French Country Landscape Design resized

“Is it French yet?”  The client smilingly asked the very big question with a very small inquiry. That question was posed when the landscape was completed on this French Country Manor adaptation designed by local architect, Rick Lukasik.   From the initial consultation the homeowners and the architect clearly stated their desire for a garden that replicated the spirit of the residence.

From that point, all design hinged on that solitary focus.  Stereotypes might conjure a stylized formality associated with expansive public gardens like those at Versailles or with well known estate gardens like those at Domaine de la Riviere.  And it would have been easy to proceed in that direction.

But a formal presentation was eschewed in favor of a more relaxed, livable garden awash with color.  Country gardens at Le Vasterival, Kerdalo and Apremont were researched and inspirational to the design effort.  All of the furniture, pottery and even prints on the cushions are selections based on a strong French or European influence so that their presence in the garden assists the desired atmosphere.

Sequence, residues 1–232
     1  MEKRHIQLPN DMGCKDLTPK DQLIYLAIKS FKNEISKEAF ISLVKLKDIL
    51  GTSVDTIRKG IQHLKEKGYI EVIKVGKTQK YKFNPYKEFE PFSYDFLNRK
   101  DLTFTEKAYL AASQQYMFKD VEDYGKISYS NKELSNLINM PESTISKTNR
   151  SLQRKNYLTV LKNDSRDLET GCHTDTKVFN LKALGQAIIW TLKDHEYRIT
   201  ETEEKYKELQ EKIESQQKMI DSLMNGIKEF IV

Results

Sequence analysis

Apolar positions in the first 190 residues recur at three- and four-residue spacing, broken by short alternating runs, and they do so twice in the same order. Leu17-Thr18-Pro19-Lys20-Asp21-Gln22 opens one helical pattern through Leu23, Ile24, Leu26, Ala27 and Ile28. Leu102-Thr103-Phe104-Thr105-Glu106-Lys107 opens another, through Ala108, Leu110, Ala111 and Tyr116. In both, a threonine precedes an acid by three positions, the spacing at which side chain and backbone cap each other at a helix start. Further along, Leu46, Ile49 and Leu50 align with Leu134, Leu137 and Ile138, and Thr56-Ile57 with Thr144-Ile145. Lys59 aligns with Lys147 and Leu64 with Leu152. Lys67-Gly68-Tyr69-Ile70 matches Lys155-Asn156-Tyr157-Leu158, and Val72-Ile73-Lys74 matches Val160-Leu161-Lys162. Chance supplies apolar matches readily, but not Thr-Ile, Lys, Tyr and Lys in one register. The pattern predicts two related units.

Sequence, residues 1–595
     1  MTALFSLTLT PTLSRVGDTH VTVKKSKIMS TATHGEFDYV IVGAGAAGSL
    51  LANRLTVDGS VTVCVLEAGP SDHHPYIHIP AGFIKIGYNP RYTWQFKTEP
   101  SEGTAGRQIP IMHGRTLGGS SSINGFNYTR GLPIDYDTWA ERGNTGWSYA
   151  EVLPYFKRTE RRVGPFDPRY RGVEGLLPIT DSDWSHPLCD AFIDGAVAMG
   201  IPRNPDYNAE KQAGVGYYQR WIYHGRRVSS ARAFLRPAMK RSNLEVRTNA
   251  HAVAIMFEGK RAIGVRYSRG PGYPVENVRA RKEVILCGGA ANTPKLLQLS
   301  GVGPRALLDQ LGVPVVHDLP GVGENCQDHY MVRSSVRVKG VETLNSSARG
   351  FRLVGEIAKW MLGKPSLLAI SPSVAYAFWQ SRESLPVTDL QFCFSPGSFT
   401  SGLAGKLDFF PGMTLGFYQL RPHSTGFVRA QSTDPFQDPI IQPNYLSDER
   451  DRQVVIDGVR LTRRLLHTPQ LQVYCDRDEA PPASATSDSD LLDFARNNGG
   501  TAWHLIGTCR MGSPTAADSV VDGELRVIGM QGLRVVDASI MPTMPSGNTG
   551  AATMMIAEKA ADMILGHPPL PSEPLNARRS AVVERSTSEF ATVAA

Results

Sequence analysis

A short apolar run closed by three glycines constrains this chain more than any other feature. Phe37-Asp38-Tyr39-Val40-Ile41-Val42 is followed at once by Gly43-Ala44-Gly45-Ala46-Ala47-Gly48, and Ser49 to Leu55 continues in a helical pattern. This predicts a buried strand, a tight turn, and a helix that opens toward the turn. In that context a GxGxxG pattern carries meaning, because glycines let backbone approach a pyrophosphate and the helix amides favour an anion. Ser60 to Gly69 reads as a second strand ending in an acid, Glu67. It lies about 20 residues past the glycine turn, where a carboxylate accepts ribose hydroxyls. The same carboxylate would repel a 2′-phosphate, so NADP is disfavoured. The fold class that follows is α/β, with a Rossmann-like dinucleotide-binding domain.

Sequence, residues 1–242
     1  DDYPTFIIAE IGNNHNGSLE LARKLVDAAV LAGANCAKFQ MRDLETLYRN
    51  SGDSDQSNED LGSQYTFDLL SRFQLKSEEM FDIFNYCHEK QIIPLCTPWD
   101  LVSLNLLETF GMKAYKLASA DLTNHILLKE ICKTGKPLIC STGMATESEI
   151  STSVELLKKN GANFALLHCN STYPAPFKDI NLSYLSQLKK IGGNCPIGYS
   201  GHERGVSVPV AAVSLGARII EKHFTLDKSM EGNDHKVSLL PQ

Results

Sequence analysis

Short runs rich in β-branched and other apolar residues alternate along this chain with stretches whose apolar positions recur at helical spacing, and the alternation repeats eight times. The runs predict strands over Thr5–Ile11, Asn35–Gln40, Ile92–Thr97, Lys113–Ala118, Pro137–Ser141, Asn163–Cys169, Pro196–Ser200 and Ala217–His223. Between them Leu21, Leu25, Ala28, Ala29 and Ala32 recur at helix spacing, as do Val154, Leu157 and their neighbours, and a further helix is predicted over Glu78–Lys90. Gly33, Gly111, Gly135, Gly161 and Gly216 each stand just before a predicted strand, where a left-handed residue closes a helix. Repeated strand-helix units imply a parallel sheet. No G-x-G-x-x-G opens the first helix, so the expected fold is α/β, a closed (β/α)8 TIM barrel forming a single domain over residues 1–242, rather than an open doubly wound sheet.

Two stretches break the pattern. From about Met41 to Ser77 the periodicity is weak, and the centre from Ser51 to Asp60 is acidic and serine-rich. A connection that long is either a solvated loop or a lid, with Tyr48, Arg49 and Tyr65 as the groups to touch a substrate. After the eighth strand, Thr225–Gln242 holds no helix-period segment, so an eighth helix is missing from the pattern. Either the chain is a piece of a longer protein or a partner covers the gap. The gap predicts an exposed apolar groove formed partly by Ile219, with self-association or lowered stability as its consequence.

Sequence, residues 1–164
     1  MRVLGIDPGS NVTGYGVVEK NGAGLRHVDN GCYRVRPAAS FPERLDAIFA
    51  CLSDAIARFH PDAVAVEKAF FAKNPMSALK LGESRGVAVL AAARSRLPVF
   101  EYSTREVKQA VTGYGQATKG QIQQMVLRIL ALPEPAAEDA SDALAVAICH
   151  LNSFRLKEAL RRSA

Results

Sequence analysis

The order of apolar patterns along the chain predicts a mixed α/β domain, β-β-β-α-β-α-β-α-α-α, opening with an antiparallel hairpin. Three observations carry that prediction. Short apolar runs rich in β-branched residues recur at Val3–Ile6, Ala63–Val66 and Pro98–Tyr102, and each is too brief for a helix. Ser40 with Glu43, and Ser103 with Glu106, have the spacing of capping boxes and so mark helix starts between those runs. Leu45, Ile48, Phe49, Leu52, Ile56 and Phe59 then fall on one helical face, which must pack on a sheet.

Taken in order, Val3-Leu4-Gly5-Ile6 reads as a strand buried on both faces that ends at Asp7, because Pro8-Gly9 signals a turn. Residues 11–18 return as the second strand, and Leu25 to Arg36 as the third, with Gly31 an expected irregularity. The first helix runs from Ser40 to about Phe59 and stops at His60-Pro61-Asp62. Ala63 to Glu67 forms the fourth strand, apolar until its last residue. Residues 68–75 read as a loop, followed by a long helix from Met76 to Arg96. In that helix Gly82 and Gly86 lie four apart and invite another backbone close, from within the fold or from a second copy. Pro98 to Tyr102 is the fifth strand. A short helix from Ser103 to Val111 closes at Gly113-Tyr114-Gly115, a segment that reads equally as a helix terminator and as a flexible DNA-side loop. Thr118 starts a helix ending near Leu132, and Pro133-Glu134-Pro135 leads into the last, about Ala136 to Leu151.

The front of the home features an expansive courtyard of salvaged clay paving brick ruggedly installed without regard to key lines.  In 1850 the brick courtyard would have served as a paddock or small corral.   Although no horse is quartered or tethered here, the defined area serves as a remembrance of that function. Now it serves as a motor court

The back garden features two distinct living areas of the same clay brick from the front connected by a narrow, irregular limestone path.  The pathway is from the same quarry that supplied the accent stone for the residence.   The larger space provides ample room for daily use and routine gatherings.   The smaller patio is for quiet morning coffee, private conversation and is an implicit acknowledgement of the chicken coop that could have historically been in  that space.

Planting beds are filled with color and individual selections confirmed to be consistent with period French gardening from 1750 to 1900. The lone exception is a solitary dwarf conifer in the front courtyard inserted as a minor whimsy.   Herbs are tucked into pots and also in bed nooks close to the kitchen door as utilitarian design elements.  French hybrid lilacs are scattered throughout the property for the romance that fragrance brings to a garden.

In totality the design strives to achieve not the stereotype of a French garden, but rather the archetype.  It is a garden with a rural warmth and a sense of purpose.  And the response to the client question, “Is it French yet?”  Since the question was posed with a smile the designer also answered with a smile.  “I believe it has everything but the accent.”


Original Design and Narrative by John Algozzini